We also visited the Buddhist Temple of the Sacred Tooth Relic. This temple opens the doors to the tooth chamber three times a day (dawn, noon, and dusk) and there was a huge queue to look through the tiny doors and view an aisle of elephant tusks leading to a small golden Stupa supposedly housing the sacred tooth. While we opted to skip the line, Whit managed to snag a picture of the inner sanctum while struggling past the huge crowd.
    Read more

  • Day205

    Polonnaruwa, a village near Sigirya, is beautiful and quiet, surrounded by rivers and rice fields. After a long sunset walk, we went out for a unique dining experience at an organic farm/restaurant. There was no menu, we just sat down and the owner started bringing out the food. 21 dishes in total! It was delicious, healthy, and all for only $9 NZD a person.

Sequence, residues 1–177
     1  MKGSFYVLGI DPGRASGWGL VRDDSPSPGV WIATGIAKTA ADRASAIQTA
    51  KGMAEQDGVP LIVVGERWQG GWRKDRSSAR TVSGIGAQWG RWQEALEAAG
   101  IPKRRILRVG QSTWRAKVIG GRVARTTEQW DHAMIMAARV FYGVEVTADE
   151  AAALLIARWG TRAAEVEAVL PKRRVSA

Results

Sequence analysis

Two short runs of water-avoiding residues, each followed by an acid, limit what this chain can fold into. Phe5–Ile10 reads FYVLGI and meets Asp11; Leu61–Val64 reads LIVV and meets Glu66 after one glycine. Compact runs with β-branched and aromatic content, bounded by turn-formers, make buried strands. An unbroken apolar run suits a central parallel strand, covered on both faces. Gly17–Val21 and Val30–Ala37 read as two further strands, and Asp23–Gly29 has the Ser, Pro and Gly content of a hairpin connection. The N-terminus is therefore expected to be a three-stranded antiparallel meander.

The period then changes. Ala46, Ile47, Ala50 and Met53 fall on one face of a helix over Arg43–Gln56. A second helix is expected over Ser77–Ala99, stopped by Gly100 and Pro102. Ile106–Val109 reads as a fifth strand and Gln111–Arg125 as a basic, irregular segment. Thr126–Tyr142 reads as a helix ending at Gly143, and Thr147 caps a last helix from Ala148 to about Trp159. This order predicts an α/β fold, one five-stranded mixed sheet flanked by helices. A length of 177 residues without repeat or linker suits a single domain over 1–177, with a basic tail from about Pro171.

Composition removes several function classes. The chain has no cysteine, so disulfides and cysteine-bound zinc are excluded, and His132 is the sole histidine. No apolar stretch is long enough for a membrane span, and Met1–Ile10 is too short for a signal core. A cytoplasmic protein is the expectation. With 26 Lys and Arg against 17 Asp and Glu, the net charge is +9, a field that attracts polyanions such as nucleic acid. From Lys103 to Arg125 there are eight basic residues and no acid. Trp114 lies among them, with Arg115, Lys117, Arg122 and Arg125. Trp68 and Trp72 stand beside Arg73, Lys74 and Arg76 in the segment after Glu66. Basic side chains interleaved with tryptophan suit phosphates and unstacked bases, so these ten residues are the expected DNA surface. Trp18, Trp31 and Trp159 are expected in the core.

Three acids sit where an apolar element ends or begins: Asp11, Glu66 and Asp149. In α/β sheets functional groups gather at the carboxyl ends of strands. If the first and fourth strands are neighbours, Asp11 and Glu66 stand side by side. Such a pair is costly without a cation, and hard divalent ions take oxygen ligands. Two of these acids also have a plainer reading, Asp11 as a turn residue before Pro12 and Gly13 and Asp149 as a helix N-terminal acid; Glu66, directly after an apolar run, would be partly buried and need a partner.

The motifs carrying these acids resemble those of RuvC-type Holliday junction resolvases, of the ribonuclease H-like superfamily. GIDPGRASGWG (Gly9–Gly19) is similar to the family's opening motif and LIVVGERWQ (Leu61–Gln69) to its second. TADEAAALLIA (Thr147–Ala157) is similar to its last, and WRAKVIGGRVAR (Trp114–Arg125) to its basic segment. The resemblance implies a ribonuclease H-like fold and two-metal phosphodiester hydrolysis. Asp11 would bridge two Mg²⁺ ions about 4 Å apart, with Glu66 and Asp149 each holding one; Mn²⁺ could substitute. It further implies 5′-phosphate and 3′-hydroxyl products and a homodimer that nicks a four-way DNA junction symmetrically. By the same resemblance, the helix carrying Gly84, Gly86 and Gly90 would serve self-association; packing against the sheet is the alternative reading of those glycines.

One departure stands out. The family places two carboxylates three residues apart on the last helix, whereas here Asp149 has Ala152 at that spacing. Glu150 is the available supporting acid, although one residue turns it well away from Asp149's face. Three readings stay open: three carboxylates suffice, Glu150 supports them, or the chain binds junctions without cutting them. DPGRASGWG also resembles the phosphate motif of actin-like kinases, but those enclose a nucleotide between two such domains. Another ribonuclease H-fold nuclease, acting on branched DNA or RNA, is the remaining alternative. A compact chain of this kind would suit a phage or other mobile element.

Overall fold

Next we headed to the famous Sigiriya. An awe-inspiring rock/volcanic plug that seems to protrude miraculously from the jungle below. On top of it are ruins from an ancient city. Because we are on a tighter budget than Jon and Barb, we let them climb to the top by themselves, while Andreas and I hiked a nearby mountain that gave us a spectacular view of Sigiriya. Rain had been looming on the horizon all day, so we waited until the last moment to climb down the mountain before the skies opened and it started pouring. We took shelter in a sacred cave until it stopped. Next stop, Kandy!Read more

  • Day205

    We all had mixed feelings about our time in the ancient ruin-rich city of Anuradhapura.